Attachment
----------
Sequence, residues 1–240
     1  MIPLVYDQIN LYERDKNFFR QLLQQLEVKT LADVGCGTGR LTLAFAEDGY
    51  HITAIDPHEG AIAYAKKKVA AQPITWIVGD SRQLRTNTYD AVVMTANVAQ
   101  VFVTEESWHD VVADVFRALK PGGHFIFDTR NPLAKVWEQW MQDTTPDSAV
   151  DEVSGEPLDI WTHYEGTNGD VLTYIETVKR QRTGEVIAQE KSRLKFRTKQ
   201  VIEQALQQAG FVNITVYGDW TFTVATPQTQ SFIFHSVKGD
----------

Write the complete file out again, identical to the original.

Sequence, residues 1–240
     1  MIPLVYDQIN LYERDKNFFR QLLQQLEVKT LADVGCGTGR LTLAFAEDGY
    51  HITAIDPHEG AIAYAKKKVA AQPITWIVGD SRQLRTNTYD AVVMTANVAQ
   101  VFVTEESWHD VVADVFRALK PGGHFIFDTR NPLAKVWEQW MQDTTPDSAV
   151  DEVSGEPLDI WTHYEGTNGD VLTYIETVKR QRTGEVIAQE KSRLKFRTKQ
   201  VIEQALQQAG FVNITVYGDW TFTVATPQTQ SFIFHSVKGD